She's one of the best actresses in the world, and in the first five seasons of How to Get Away With Murder, she brings all her talents to the small screen. The show's stories of crime and murder may be intriguing, but what ultimately matters most is Viola.
Black Lightning is another CW superhero show that seems to be flying under the radar. That might be because it's about a less well-known superhero, but the show itself deserves plenty of attention. The series is among the more acclaimed superhero shows on TV, and that's because it's confident in the story it's telling, and knows how to weave in complex ideas without losing its fun comic book aesthetic.
The show is also telling a different kind of superhero story. Black Lightning isn't a new superhero; he's coming out of retirement. He's putting the cape back on, not putting it on for the first time, which makes the story feel fresh and different.
9-1-1 might just be the dumbest show on TV. Believe it or not, that's a compliment. The show tells the story of first responders who get called to the site of some truly absurd situations. Bounce houses fly away and babies get flushed down toilets.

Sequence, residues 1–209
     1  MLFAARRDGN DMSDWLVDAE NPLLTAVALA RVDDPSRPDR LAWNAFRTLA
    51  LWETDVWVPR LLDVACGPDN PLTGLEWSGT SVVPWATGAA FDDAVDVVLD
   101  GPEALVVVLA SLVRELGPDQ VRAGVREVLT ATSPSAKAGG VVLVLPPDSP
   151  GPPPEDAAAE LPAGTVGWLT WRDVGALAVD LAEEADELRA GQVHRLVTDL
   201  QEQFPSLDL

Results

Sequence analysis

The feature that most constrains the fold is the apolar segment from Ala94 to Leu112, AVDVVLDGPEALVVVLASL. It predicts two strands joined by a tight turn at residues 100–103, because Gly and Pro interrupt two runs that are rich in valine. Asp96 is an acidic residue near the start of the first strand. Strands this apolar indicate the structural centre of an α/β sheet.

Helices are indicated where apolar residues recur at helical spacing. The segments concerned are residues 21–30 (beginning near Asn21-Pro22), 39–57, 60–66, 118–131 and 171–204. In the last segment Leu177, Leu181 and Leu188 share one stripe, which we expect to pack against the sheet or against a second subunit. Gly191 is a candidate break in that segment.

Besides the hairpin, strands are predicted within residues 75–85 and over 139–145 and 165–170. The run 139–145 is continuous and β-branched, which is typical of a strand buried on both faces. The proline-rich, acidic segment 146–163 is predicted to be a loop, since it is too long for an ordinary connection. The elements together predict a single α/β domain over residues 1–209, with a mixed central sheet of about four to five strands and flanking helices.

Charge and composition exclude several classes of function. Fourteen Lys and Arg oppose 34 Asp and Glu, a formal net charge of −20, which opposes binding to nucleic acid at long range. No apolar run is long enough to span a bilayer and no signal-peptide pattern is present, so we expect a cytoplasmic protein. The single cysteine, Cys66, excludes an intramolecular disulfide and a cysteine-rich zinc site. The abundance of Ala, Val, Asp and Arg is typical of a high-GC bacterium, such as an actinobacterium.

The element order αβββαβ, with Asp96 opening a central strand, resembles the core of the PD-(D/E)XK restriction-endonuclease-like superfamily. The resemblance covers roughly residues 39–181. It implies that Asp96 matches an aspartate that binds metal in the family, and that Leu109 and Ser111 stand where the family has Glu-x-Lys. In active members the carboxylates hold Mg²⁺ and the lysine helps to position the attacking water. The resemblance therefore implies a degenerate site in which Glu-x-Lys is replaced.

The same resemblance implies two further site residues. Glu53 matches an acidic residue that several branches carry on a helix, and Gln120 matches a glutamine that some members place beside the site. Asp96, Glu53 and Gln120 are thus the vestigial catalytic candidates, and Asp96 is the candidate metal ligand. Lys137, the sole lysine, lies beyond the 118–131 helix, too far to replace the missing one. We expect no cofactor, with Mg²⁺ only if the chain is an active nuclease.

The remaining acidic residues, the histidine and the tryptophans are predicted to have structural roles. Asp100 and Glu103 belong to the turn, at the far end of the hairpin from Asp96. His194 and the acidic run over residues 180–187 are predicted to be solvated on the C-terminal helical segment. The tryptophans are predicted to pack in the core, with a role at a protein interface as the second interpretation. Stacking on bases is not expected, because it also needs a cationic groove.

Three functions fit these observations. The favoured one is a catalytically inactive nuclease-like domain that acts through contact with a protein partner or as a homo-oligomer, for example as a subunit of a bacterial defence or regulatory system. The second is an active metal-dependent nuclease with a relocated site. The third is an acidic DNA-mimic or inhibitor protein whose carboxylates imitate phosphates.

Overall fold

It's absurd, and it would be unbearable if the show didn't feel at least a little aware of its own absurdity. Although it seems like a drama, 9-1-1 is way more rewarding if you treat it like a comedy. If you find yourself laughing at the show, go with it. It's only as funny as you think it is.
The Blacklist is one of the longer running shows on this list, but it's also one of the more captivating. It's not high art, exactly, but it is a show that layers plenty of surprises onto its story. At its core, the show is a riff on Silence of the Lambs. A young, female FBI agent gets help catching notorious killers from a notorious killer.